"Libraries should provide materials and information presenting all points of view on current and historical issues. Materials should not be proscribed or removed because of partisan or doctrinal disapproval." -from the American Library Associations' Bill of Rights.
In order to enhance the value and usefulness of Reed Library to the entire college community, care must be taken to insure that its holdings are as comprehensive as possible and are properly maintained. The vitality of a library collection depends on vigorous collection development as well as careful collection management. One aspect of this management is the judicious weeding of materials that no longer support the instructional mission of the college.
Like all collection development, the weeding of materials must be a consultative endeavor involving librarians, faculty members, and other parties as appropriate. The weeding process should rely on a well-defined plan through which the faculty and the librarians, in collaboration, identify materials that may be weeded. This process will help identify both strengths and weaknesses in Reed's holdings. Recognition of weak areas will subsequently be addressed, and whenever possible, appropriate new titles will be acquired after continued consultation with faculty and recommended bibliographies.
STAGE ONE: Librarians Determine Subject Areas to be Reviewed and Check Standard Bibliographies
Weeding is an ongoing process which starts by librarians identifying areas of the collection (according to Library of Congress classifications) that are in need of review.
Once an area of the collection is identified for review, titles in areas identified for the weeding process will be compared against the most recent edition of Resources for College Libraries (RCL) (either in print or electronically). If Reed Library owns a book listed in RCL, librarians will make a note of it in the library's catalog record.
If recommended by the academic department or program, the collection will also be compared to available standard bibliographies published by appropriate (i.e., discipline-specific) professional faculty associations for the subject matter being reviewed. A note will also be added to item's catalog record, indicating the bibliography which cited the item as a "classic" title in the field.
STAGE TWO: Librarians Review the Collection in the Stacks
During the second stage of each weeding cycle, librarians will examine the titles within a designated area and generate a list of items that will be considered for removal. The criteria below list factors which, when used in combination, will help librarians make informed decisions about materials to be kept and materials which may be removed from the collection.
Items that meet any of these conditions will automatically be kept:
- Item appears in Resources for College Libraries
- Item appears in the recommended, discipline-specific, professional bibliography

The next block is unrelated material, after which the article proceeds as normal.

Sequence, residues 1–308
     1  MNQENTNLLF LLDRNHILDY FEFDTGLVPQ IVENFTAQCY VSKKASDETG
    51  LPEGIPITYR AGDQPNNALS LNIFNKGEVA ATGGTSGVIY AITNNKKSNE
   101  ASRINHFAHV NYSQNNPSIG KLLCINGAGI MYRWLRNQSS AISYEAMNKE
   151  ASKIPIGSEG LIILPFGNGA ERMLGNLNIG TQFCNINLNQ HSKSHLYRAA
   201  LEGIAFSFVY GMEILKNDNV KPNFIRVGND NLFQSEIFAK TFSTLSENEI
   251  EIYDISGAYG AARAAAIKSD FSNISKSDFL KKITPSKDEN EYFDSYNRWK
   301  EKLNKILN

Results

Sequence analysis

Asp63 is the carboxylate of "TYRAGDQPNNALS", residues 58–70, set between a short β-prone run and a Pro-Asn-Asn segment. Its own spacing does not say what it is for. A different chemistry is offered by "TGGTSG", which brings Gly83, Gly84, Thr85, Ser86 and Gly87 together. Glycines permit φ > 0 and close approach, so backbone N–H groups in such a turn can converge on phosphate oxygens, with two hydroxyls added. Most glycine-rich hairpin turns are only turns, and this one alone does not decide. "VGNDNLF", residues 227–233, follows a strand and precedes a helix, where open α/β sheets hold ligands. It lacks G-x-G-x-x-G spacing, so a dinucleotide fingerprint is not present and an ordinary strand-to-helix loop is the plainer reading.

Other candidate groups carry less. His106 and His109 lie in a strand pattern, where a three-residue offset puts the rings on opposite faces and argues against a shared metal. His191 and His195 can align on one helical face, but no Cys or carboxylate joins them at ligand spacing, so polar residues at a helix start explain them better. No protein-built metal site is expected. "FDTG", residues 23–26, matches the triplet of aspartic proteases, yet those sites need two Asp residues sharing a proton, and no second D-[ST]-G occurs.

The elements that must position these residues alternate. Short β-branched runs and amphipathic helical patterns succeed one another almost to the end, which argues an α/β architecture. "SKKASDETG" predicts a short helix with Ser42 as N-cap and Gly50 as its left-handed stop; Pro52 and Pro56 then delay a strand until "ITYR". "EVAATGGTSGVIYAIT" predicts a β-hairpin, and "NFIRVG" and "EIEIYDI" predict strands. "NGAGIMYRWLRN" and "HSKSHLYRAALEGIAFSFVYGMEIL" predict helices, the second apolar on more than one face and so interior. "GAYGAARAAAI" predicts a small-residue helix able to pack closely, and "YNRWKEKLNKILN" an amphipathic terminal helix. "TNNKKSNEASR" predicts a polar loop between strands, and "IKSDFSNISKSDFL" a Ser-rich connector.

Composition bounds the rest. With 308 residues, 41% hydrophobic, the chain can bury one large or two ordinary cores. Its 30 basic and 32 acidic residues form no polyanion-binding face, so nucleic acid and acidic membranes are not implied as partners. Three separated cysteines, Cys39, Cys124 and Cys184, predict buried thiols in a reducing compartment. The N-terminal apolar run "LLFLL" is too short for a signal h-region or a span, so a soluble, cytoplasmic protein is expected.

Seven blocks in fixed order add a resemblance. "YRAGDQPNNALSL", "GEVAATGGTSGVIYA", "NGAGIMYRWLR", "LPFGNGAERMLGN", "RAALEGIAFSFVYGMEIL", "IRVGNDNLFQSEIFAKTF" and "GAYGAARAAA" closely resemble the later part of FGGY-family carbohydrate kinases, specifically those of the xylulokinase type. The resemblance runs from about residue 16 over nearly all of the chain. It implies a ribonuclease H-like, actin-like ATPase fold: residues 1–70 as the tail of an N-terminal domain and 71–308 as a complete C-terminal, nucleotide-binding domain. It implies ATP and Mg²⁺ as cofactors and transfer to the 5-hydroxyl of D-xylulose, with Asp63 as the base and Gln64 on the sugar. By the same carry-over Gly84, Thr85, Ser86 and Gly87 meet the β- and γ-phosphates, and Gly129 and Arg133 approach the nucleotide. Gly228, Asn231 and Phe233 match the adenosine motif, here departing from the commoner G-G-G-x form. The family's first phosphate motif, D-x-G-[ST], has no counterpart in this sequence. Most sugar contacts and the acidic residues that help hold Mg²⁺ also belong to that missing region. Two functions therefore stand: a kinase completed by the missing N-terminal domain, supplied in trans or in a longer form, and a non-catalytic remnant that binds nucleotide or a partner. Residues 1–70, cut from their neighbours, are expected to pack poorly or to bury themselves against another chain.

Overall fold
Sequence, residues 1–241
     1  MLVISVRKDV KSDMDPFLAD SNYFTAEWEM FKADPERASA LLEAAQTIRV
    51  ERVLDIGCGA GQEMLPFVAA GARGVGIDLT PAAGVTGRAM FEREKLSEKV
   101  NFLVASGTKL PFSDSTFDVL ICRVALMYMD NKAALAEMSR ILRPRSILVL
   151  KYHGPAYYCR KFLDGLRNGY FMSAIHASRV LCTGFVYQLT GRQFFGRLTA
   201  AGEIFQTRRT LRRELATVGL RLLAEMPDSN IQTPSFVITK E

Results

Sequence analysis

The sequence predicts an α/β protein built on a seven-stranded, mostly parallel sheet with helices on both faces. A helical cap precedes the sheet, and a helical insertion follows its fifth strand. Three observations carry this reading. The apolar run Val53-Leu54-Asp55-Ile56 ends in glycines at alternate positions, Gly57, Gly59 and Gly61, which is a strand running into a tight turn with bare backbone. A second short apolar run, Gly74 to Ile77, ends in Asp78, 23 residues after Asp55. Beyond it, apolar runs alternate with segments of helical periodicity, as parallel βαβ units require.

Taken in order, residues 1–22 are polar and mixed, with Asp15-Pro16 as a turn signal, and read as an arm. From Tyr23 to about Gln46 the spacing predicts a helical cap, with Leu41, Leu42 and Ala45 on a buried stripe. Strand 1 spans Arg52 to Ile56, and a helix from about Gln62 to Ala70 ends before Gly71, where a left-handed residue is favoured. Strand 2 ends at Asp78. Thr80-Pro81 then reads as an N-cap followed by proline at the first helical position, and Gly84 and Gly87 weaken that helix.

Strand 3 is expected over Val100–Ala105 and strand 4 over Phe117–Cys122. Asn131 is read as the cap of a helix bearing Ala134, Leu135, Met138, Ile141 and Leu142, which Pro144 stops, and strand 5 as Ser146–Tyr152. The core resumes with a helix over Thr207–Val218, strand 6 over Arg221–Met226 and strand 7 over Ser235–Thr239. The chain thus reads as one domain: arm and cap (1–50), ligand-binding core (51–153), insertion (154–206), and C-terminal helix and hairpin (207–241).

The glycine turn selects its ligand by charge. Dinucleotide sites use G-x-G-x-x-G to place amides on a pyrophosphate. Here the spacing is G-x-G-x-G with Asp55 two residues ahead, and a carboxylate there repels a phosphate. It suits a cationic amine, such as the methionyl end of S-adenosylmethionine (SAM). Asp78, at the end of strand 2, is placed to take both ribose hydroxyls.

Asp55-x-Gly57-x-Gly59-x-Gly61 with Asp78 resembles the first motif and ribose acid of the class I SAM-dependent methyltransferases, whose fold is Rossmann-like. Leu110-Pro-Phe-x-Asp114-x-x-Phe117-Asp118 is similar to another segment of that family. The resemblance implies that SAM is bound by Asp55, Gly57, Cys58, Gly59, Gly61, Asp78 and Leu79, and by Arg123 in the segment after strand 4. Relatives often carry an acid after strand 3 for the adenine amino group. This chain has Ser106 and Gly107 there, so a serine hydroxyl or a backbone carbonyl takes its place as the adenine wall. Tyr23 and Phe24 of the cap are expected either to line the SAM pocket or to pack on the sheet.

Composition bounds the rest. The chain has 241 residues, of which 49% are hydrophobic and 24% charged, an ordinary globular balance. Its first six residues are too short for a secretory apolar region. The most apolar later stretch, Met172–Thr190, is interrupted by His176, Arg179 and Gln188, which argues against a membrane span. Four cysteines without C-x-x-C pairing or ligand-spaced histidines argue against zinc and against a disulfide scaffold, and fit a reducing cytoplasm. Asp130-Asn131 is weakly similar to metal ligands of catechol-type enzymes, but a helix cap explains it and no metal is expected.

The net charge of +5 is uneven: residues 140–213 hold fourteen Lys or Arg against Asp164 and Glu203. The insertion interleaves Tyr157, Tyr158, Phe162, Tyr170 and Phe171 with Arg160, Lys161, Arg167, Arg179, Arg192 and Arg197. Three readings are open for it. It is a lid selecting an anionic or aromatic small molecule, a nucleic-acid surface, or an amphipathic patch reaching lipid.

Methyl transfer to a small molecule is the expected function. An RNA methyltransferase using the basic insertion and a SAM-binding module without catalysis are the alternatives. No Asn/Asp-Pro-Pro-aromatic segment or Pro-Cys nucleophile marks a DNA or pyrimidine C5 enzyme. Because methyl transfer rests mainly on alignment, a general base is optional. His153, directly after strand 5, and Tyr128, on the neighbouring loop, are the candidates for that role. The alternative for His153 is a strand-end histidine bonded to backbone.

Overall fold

- Item has circulated in a reasonable time period based on the subject and scope of the work, as determined by criteria developed by the Library Advisory Committee. (Note: An exception may occur if the item's physical condition is poor, particularly if it is not a suitable candidate for in-house mending or rebinding.)
Criteria for identifying those items that will be considered for removal by a process of faculty review (Stage 3):
- Items which have become outdated based on the subject and scope of the work, as determined by criteria developed by the Library Advisory Committee.
- Item has very little or no apparent relevance to current or anticipated college programs.
If librarians are undecided as to whether an item should be added to the list of materials being considered for removal, it will not be marked for withdrawal.
STAGE THREE: Faculty Review of Items Being Considered for Removal
When appropriate, a faculty member who teaches the subject area as part of an interdisciplinary course should also be appointed to the committee by the departmental chair. The faculty committee will be provided with a list containing the call number, author, title, and the imprint information (date, publisher) for the items being considered for removal. This list will be made available electronically via an OnCourse community group. The faculty committee members will have an opportunity to review the list of items for 45 calendar days, and the library liaison will be available to act as a line of communication with the library, offer assistance, answer questions, and troubleshoot any problems that arise. Once the committee has reviewed the items to ensure that the appropriate determination has been made for each title, they will provide their library liaison with a finalized list of items that have been selected for withdrawal from the collection.
STAGE FOUR: Library End Processing
After all stages above are completed, the library staff will finish the weeding process. Materials will be retained by Reed Library, processed out of the library, or sent to the University at Buffalo for retention.
Resources for College Libraries (2006 edition) is used as a standard tool for collection development of academic libraries. RCL is published by the Association for College and Research Libraries division of the American Library Association and Bowker. It lists an established core collection of 65,000 titles in 58 curriculum-specific subjects, selected by 300 subject experts. The relentless growth in books published and the simultaneous decline in acquisition budgets make careful title selection essential for academic libraries. Using RCL as a collection development tool insures that standard titles will remain part of the collection regardless of local use, while other titles of generally accepted significance can be considered for possible purchase.